I've been coding anti-virus routines for 1, 2, 5... 10, 15, 20... a really long time.  Starting with the Apple II, before there was even an anti-virus industry, and continuing on the PC (and funnily enough, joining the industry wasn't the obvious choice for me when I left school).  In between times, I've analysed viruses for the Commodore 64, Amiga, Macintosh, and Itanium platforms, macros, scripts, things on phones, things on devices... even things on calculators!  My website is full of descriptions.  I thought that I'd seen all of the techniques that there can be to infect a file.
 
Broadly speaking, infections exist in three categories - boot, file, and companion.  Boot and file are easy to see - some code is attached to the object.  That can be by overwriting, inserting, prepending, appending, or any combination of those.  The companion virus, on the other hand, takes the place of the original file.  In DOS days, that was achieved through PATH or suffix-order trickery.  Another way is to simply rename the host and place the virus file in the original location.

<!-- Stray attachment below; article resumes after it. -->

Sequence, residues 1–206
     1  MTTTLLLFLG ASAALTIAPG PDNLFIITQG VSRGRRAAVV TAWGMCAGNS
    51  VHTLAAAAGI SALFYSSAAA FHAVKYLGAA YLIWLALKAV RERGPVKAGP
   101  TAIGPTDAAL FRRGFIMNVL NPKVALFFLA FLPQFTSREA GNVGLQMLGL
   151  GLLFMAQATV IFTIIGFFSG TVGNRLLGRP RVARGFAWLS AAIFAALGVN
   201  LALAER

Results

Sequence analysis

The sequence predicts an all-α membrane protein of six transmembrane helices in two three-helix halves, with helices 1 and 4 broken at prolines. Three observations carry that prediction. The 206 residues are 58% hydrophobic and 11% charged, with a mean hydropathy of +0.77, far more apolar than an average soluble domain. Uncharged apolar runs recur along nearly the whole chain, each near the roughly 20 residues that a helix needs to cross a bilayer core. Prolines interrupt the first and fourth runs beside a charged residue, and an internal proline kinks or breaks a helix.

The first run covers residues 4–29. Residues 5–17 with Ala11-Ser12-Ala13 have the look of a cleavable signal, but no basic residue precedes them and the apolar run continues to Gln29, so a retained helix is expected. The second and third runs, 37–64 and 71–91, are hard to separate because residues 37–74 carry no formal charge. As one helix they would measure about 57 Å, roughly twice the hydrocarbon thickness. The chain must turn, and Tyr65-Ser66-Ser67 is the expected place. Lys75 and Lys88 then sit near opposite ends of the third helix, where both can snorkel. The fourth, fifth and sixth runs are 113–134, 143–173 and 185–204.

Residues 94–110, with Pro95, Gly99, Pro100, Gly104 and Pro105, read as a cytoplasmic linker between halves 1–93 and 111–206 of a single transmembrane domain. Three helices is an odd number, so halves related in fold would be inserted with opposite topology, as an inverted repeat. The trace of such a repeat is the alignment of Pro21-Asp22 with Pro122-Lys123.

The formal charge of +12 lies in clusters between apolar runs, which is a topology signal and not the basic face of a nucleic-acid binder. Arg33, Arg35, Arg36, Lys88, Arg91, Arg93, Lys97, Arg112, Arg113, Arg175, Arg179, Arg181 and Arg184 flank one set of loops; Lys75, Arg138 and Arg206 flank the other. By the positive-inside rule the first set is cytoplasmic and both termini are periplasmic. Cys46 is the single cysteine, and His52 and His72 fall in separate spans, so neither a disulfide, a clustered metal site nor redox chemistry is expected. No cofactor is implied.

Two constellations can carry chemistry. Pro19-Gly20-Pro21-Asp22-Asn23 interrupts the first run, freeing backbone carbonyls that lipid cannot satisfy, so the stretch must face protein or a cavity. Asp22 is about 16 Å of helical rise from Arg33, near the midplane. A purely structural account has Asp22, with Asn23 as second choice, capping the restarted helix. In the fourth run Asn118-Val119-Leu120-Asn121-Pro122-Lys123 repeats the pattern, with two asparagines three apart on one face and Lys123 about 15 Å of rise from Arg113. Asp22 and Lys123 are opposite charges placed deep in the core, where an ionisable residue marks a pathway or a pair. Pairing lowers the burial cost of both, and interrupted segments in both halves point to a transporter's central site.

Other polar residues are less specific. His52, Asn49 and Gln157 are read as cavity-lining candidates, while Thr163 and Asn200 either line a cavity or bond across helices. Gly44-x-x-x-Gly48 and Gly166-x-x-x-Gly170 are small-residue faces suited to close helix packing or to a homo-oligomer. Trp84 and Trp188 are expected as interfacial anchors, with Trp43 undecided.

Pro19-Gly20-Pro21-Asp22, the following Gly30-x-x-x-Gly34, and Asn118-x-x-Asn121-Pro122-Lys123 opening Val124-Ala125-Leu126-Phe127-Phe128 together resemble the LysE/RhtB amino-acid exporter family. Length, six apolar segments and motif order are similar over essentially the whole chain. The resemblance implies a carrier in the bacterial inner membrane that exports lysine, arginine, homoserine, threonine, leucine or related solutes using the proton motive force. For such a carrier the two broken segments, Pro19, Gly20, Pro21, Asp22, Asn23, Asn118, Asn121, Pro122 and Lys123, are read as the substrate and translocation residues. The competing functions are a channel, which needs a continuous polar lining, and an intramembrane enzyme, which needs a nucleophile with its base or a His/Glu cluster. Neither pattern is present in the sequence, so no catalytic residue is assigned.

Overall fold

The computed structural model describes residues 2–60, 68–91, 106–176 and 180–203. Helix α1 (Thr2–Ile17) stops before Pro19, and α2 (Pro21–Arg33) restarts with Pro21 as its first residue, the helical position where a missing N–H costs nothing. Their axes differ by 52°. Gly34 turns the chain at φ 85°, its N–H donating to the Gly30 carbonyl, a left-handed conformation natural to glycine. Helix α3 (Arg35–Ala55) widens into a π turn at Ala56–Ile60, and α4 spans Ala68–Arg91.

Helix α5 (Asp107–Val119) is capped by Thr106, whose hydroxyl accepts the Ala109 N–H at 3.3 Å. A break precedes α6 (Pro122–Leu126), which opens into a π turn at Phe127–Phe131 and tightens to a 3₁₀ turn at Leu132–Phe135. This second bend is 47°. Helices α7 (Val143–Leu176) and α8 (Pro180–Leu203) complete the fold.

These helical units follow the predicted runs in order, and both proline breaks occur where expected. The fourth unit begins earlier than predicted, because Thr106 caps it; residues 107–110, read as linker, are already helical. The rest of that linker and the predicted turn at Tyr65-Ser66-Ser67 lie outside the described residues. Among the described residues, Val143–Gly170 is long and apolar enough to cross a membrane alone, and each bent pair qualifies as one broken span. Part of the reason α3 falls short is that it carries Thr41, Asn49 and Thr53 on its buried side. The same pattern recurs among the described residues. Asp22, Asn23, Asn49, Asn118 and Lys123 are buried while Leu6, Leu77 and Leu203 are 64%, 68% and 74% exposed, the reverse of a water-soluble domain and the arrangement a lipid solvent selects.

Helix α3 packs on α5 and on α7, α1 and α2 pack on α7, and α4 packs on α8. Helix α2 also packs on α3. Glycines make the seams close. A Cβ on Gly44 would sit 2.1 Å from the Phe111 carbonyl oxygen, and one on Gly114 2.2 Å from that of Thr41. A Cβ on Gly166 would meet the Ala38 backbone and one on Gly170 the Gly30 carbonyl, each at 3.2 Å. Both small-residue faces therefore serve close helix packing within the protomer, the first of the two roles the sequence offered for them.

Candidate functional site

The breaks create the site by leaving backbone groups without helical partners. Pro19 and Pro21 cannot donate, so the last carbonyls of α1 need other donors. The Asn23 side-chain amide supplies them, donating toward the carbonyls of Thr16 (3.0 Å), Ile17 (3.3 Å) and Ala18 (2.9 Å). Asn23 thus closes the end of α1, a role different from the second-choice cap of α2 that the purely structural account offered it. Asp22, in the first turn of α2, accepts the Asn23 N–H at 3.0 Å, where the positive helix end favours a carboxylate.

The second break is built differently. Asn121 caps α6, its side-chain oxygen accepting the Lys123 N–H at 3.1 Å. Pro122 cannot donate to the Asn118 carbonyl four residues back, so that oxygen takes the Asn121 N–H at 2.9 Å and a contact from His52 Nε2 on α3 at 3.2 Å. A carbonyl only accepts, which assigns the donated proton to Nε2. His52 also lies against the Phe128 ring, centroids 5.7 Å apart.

That's everything, right?  Not exactly, as it turns out.  A companion virus doesn't have to infect files.  However, I don't want to say that it "infects" directories, though some people might consider that to be the case.  Such a virus relies on the fact that if the file suffix and size are hidden, then a file and a directory are essentially indistinguishable.  Then, given the same icon, one can't tell them apart.  So, by hiding the directory and placing a file of that name in the parent directory, the file becomes the companion to the directory.
 
Simple.
 
This effect can be achieved on the Windows desktop, though it doesn't complicate the detection in any way.  Just something to confuse the user.
 
So it seems that this old dog can still learn some new tricks.
 
- Peter Ferrie